The works reflect on regimes of knowledge both past and present. Questioning perceived notions and casting a critical eye on accepted canons. Where does one position oneself when looking at an artefact, what does it reveal, what does it have in common with other contemporary propositions in the world? In Glissant’s theory of relation, what brings things together is first of all the connection between differences, as they meet one after the other. The basis for which cause ideas, identities and intuitions to meet, revealing to us the common grounds that we share. It is within this commonality that one finds the universal and where history begins.
Void would like to thank the Tower Museum for their support in the supply of artefacts for this exhibition and Northbound Breweries for sponsoring the opening night.
Film screenings as part of Foyle Film Festival
November 21st, 7pm
Admission free. See http://www.foylefilmfestival.org
The Digger, 2015
Video – 30 min
Courtesy of the artist and Galerie Imane Farès
For twenty years, Sultan Zeib Khan has kept watch over a ruined Neolithic necropolis in the Sharjah desert in the United Arab Emirates. Although majestic, the wide–angle shots have no monumentalising intent: the beauty and extent of the site speak for themselves. What is playing out here is the possibility for one man to become part of a landscape that overwhelms him yet seems to need his help. Seen under the silhouette of a rock about to devour him or as a dwarfed gure spade in hand walking from the back of the frame, Sultan curiously busies himself from day to day to prevent the ruins… from falling into ruin.
Alan Resnais & Chris Marker
Statues Also Die, 1953
Video – 30 min
Les statues meurent aussi (Statues Also Die) is a film by Alain Resnais, Chris Marker and Ghislain Cloquet that analyses European perceptions of historical African art within colonialism. It speculates on the spiritual properties of African traditional works (from sculptures to masks) and problematizes the Western commercialisation of these pieces.
Christmas Decorations Workshop
It's that time of year again and Void are getting into the festive season by ho-ho-hosting an afternoon extravaganza of Christmas decoration-making in the Process Room.
Join us on Saturday 2nd December with artist facilitator Karen Cassidy for a completely free, walk-in workshop between 12 noon – 4pm.
We will be eating mince pies, listening to Christmas Music and making:
Clay tree decorations
Willow and tissue lanterns
You will be able to take your creations home with you to give away as gifts or keep for your own gorgeous tree*
Adults, Families and Children are welcome. Children under 12 must be supervised
*The Process Room will be open throughout the following week for people who wish to finish off their dried clay decorations with paint and glitter.
Walking Tour with Mark Lusby, Coordinator of the Friends of the Derry Walls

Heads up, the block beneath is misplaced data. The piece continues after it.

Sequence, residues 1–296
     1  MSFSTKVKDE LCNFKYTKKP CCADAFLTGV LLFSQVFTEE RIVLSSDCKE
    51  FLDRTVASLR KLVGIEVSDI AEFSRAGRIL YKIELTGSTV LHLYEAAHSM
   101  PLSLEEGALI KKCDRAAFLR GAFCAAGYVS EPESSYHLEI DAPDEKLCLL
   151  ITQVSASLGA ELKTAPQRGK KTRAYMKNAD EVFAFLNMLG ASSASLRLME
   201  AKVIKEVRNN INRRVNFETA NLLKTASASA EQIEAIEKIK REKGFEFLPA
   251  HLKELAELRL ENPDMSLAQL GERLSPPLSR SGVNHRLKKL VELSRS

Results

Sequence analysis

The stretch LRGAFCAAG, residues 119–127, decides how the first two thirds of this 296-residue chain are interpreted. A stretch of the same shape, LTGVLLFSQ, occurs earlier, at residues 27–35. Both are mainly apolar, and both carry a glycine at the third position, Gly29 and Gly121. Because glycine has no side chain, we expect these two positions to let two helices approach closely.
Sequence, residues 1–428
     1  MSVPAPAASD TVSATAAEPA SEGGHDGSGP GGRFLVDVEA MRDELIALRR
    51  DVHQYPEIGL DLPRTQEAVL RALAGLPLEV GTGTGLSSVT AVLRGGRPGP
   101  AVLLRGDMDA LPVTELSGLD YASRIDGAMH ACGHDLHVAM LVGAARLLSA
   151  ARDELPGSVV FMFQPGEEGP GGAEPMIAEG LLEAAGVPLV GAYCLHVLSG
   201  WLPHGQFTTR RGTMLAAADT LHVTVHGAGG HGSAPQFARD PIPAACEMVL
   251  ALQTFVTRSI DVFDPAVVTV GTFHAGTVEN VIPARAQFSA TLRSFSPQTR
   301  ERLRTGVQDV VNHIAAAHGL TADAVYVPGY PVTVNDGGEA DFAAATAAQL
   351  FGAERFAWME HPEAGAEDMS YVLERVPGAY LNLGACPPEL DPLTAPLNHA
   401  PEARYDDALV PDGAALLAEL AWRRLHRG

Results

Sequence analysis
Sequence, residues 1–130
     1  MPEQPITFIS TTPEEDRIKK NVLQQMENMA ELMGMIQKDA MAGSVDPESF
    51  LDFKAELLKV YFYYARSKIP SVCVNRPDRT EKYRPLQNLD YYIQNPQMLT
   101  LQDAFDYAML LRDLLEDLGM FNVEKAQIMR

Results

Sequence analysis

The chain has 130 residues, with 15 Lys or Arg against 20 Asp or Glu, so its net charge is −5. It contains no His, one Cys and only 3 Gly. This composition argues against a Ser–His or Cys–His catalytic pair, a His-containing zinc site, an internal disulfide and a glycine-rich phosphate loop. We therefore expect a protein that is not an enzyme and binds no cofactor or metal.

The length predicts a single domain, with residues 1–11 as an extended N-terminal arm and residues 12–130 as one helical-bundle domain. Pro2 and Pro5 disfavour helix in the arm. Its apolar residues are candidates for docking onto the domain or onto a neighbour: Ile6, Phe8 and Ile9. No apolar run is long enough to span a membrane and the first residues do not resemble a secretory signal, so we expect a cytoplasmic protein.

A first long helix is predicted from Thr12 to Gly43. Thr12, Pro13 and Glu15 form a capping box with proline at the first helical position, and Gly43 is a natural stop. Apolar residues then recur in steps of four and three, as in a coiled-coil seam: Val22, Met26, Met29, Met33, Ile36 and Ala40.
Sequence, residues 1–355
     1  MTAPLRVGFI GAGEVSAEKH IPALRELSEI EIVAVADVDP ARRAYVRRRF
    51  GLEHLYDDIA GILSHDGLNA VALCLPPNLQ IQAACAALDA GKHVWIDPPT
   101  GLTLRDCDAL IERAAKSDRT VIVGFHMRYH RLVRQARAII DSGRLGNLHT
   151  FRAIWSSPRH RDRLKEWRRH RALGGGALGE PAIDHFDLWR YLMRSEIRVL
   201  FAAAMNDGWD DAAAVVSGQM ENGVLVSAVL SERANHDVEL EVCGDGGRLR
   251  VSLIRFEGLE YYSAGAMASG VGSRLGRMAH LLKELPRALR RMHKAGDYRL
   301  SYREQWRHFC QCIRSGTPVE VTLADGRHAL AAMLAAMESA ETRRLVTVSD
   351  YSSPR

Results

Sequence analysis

The Story of Derry
Saturday December 9th, 1:30pm
To book please email firstname.lastname@example.org.
The tour will take place in the Merchant Quarter in which Void Gallery is located and it will proceed through the Bogside to Double Bastion on the Derry Walls. Mark will discuss how the Story of Derry is memorialised in streetscapes, buildings, and monuments of the city from the sculpted heads on the former City Factory to the engravings on the 17th ordnance on the Walls.
Mark is currently undertaking post graduate research at Queen’s University Belfast, looking at how contested narratives inform regeneration. The Friends of the Derry Walls is a charitable organisation with the mission of being the voice of the Walls, raising ambitions for their care and presentation, driving public engagement with the Walls and ensuring that the Walls are fully exploited as a resource for educational, cultural and economic development.
Talk with Brian Lacey
‘Archaeology and the Troubles: Researching the Past of a Divided City.’
December 13th, 6pm
In this talk Brian will reflect on his career as an archaeologist and museum director in Derry, particularly his role in excavating centre-city sites at the height of the Troubles, and researching the fascinating but politically controversial history of the city as both an author and a creator of museum exhibitions.
Dr Brian Lacey is a historian and archaeologist specialising in the early medieval period in Co. Donegal and Derry city. He lectured at Magee College, Derry, (1974-86) and later set up Derry’s Heritage and Museum Service having directed a series of salvage excavations at 'Troubles' bomb-sites in the city. He directed the pioneering archaeological survey of Co. Donegal (1980-3) and headed the Discovery Programme, an institute for advanced research in Irish archaeology (1998-2012). He is the author of many research papers and about 12 books, including St Columba: His Life and Legacy and Medieval and monastic Derry: sixth century to 1600. His most recent published Derry research dealt with what happened in the city during the Easter Rising of 1916.
InvitationClick here to download
the Press Release